In March, the Government Accounting Office (GAO) released the results of a study showing that black students, boys, and students with disabilities were disproportionately disciplined. WOVEN has developed and is supporting a NICE (Nurturing Inclusive Community Environment) program that in just two months has lowered the number of disciplinary actions and trips to the Principal’s office in a school that has minority students, many fitting the profile of the students defined in the GAO report. NICE’s goal is to make this a nationwide program.
What the GAO Found
Black students, boys, and students with disabilities were disproportionately disciplined (e.g., suspensions and expulsions) in K-12 public schools, according to GAO’s analysis of Department of Education (Education) national civil rights data for school year 2013-14, the most recent available. These disparities were widespread and persisted regardless of the type of disciplinary action, level of school poverty, or type of public school attended. For example, Black students accounted for 15.5 percent of all public school students, but represented about 39 percent of students suspended from school—an overrepresentation of about 23 percentage points (see below).
Officials GAO interviewed in all five school districts in the five states GAO visited reported various challenges with addressing student behavior, and said they were considering new approaches to school discipline. They described a range of issues, some complex—such as the effects of poverty and mental health issues. For example, officials in four school districts described a growing trend of behavioral challenges related to mental health and trauma. While there is no one-size-fits-all solution for the issues that influence student behavior, officials from all five school districts GAO visited were implementing alternatives to disciplinary actions that remove children from the classroom, such as initiatives that promote positive behavioral expectations for students.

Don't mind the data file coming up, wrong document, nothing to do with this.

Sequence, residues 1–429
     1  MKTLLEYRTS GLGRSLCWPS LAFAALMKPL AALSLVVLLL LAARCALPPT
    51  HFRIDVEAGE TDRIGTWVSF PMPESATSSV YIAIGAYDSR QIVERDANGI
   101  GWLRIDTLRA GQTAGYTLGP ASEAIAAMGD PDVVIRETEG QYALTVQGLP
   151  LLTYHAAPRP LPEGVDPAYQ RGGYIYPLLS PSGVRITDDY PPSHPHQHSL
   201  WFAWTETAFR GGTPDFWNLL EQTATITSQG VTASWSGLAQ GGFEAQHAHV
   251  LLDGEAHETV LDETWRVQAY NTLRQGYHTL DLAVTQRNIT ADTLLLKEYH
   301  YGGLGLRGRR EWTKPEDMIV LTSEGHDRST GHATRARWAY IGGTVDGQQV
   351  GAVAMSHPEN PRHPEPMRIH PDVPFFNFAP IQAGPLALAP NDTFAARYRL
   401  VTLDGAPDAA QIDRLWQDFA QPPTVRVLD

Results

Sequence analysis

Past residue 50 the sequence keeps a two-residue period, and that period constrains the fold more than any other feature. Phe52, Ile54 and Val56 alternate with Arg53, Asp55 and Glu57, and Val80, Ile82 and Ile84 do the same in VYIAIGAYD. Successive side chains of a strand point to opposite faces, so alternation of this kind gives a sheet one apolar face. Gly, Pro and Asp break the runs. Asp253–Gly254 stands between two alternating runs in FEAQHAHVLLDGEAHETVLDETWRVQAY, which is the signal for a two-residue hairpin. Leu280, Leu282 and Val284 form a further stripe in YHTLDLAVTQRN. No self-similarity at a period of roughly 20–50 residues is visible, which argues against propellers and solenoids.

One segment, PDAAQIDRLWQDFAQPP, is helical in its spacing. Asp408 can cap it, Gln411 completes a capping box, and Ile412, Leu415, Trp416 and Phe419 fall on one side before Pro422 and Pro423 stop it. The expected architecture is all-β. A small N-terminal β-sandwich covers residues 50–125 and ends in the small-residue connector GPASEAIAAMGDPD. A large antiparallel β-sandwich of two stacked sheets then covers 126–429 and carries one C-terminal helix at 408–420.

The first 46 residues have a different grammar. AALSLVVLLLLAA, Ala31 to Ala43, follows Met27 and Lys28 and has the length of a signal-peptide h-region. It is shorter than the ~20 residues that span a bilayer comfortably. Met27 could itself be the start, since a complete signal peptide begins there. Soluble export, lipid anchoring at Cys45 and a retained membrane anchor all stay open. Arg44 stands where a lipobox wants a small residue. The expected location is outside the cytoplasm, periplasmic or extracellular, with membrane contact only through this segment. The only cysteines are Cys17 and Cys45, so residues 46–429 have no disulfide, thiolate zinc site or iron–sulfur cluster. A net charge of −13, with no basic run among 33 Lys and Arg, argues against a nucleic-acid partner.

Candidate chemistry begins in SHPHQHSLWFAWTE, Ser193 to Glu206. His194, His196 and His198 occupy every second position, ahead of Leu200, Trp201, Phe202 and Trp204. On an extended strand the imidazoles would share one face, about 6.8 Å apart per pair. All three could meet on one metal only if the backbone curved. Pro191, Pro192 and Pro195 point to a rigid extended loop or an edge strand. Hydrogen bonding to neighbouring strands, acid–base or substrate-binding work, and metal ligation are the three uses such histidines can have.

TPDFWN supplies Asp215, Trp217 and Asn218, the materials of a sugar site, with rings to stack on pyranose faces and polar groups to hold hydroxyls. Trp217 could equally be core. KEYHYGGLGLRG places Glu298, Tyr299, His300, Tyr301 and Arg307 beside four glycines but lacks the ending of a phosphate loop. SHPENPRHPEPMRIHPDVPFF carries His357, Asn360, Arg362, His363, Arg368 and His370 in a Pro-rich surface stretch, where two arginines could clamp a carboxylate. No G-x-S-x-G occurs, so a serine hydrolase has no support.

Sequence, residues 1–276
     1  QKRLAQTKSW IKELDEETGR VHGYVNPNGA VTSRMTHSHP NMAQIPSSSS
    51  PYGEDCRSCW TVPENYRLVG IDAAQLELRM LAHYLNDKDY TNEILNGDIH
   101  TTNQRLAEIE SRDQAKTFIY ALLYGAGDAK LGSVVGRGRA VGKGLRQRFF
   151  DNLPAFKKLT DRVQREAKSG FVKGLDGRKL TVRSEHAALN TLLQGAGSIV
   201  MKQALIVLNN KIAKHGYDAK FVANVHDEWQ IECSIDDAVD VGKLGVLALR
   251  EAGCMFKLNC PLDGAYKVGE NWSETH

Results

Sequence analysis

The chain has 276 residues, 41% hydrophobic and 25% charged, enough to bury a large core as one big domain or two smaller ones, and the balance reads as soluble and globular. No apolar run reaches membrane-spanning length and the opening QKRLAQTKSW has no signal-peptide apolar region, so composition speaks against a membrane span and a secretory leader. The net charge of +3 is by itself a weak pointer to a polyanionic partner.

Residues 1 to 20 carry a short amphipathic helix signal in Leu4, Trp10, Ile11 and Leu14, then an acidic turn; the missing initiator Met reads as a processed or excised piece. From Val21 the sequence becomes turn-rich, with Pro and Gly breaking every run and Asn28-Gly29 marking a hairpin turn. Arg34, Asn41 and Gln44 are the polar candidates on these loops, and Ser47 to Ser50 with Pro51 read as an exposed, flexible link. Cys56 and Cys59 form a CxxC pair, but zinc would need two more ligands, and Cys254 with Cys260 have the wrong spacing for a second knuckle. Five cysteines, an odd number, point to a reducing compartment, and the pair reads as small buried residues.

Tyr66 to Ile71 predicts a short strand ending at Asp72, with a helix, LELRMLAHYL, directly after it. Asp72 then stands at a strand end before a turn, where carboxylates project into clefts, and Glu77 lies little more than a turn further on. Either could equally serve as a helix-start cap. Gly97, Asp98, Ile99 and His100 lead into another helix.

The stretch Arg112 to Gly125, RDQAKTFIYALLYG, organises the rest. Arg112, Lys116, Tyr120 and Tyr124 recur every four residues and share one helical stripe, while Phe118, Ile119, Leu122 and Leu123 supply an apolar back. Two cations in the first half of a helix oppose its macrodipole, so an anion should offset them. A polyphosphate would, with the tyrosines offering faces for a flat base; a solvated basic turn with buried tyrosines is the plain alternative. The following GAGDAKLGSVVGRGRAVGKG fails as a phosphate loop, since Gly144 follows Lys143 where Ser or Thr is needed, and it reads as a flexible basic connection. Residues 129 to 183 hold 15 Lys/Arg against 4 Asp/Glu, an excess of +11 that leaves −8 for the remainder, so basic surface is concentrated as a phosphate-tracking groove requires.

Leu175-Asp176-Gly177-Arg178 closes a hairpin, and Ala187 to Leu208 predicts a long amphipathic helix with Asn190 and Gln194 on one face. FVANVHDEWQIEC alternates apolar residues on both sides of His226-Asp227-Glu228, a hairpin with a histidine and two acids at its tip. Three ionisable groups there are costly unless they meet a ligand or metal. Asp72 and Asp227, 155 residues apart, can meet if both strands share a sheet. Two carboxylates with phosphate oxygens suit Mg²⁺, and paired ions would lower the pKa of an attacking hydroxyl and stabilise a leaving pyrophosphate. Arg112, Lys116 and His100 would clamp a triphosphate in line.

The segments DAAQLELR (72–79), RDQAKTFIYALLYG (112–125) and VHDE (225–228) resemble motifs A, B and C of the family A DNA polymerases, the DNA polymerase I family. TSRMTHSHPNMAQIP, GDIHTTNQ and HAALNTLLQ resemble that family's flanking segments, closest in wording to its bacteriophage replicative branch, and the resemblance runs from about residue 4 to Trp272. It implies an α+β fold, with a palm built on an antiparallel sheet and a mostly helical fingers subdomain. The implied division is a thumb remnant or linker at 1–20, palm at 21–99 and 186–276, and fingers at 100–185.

Education and the Department of Justice (Justice) documented several actions taken to identify and address school discipline issues. For example, both agencies investigated cases alleging discrimination. Further, to help identify persistent disparities among the nation’s schools, Education collects comprehensive data on school discipline every other year through its Civil Rights Data Collection effort.